Dzing has Hyraceum in it?
    ===
    “… [I] recall thinking that the computer would never advance much further than this. Call me naïve, but I seemed to have underestimated the universal desire to sit in a hard plastic chair and stare at a screen until your eyes cross.” ~ David Sedaris

  19. #19
    beachroses's Avatar
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    Default Re: Hyrax Hyraceum

    You are talking about excrement, I'm not into whale vomit, either. To each their own.

  20. #20

    Default Re: Hyrax Hyraceum

    Sorry to imply that DZING! has hyraceum in it. It doesn't, but it is based on an elephanty-hay-caramel-vanilla-leather-plastic feel. I was more alluding to the idea of elephants not being weird as a "what's this?" note in a composition.

    Hyraceum is wild stuff! It really rounds out leather, spice, florals, woods like sandalwood or oudh, and adds a bit of funky interest and richness. As disgusting as it might sound, it even makes gourmands more delicious, like cocoa and coffee absolutes. If you think of the richness of manure in the cool winter air, or the "poopy" basenote of a pipe tobacco shop, this is the right stuff. It is sort of a rich filler that completes gaps in a composition that has wide open holes in its spectrum of notes, making a continuum of topnotes to basenotes and giving a blend real richness. Even a floral or citrus can be intensified by this note.

    www.ancientessences.com
    --------------------------------------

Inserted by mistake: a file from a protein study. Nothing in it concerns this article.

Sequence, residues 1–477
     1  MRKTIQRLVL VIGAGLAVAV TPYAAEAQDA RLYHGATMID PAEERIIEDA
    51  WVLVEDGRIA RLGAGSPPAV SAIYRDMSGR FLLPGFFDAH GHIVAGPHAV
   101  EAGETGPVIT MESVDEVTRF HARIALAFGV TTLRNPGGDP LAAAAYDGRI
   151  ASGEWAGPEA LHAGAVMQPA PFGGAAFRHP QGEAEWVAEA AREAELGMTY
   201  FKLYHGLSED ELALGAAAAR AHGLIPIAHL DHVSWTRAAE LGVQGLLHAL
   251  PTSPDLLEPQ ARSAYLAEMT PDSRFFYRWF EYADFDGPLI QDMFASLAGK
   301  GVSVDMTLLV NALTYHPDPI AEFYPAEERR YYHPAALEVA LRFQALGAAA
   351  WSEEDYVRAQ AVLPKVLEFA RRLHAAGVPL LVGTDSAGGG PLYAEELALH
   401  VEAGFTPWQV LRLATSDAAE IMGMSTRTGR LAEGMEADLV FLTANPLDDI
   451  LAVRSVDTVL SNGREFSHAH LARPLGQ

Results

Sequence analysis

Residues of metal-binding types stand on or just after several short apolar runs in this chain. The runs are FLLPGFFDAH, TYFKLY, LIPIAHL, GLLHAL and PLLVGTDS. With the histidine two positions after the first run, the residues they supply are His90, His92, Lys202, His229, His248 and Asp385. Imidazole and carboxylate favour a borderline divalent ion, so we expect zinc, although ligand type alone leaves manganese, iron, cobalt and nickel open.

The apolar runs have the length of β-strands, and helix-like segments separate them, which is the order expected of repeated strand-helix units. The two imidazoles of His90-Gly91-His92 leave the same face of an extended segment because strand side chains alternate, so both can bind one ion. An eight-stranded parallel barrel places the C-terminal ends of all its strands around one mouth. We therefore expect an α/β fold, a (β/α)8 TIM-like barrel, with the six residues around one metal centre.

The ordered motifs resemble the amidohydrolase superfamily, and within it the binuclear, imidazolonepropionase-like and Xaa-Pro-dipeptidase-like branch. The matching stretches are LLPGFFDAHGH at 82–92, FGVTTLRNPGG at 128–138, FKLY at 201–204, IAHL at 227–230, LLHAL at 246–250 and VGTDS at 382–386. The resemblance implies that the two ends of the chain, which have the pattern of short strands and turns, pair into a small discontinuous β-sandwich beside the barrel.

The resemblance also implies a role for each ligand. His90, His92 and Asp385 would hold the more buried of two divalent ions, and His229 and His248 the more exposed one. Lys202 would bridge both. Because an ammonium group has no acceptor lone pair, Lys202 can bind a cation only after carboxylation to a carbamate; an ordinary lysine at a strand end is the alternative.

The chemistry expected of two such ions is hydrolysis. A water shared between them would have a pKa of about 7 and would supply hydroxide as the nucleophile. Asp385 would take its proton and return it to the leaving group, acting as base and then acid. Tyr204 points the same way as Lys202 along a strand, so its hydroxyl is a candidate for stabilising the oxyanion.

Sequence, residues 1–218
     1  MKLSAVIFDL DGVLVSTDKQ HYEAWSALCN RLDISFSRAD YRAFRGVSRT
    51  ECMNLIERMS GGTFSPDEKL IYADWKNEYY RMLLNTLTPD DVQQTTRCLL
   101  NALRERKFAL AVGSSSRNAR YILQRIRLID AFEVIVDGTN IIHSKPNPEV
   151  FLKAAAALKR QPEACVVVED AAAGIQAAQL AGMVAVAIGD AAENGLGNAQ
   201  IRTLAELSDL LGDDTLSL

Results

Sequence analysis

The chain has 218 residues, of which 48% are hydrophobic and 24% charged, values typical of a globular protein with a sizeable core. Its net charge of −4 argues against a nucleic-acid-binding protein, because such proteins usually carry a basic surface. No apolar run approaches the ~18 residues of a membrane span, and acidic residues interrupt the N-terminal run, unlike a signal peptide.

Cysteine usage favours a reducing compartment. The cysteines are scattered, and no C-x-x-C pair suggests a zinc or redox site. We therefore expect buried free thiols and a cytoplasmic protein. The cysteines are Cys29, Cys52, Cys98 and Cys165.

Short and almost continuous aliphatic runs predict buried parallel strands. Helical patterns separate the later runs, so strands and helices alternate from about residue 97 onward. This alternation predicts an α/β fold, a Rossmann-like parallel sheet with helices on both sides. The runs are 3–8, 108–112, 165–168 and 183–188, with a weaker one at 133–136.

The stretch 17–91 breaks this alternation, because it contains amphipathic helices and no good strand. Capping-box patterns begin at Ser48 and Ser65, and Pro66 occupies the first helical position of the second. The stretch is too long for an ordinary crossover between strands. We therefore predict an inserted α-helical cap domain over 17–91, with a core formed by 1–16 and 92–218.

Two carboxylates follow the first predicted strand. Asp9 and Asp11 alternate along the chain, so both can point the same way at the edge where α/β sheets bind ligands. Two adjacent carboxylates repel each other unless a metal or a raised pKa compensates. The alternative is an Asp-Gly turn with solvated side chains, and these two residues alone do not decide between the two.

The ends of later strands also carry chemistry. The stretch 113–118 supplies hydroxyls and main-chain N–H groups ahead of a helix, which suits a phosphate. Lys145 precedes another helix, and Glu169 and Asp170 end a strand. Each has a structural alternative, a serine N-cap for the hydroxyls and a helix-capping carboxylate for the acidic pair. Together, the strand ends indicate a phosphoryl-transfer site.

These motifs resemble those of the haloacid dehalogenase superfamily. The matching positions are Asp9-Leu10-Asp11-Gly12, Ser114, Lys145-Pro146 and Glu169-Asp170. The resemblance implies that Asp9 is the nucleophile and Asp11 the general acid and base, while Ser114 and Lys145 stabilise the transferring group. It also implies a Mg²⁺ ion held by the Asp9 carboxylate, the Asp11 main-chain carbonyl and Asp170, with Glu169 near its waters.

Beachrose, the origin of using fecal and urine like smells in perfume can even be found in an old French monograph "La Chimie de l'Odorat," The Chemistry of Odor, which refers to the French tradition of adding some bad to the good, skank to the sublime, to give perfumes the contrast. A symphony of all sweet notes would be boring without some cacaphony and counterpoint. So goes perfume, and so go the musky, fecal, indolic and urine scents.

    www.ancientessences.com
    Last edited by jimmyfresno; 8th March 2008 at 12:53 AM. Reason: Automerged Doublepost

  21. #21

    Smile Re: Hyrax Hyraceum

    On Deer musk:

    There was also a scent available on ebay for a while from an indian importer which he called "Like Kasturi," (or "like deer musk.")
    I have NO idea what was in it but it was tremendously animalic and a lot like civet but sweeter and less fecal. I like to use it in some of my custom blends. You can search for it from time to time.
    Last edited by jimmyfresno; 2nd July 2008 at 04:13 AM. Reason: addition

  22. #22

    Default Re: Hyrax Hyraceum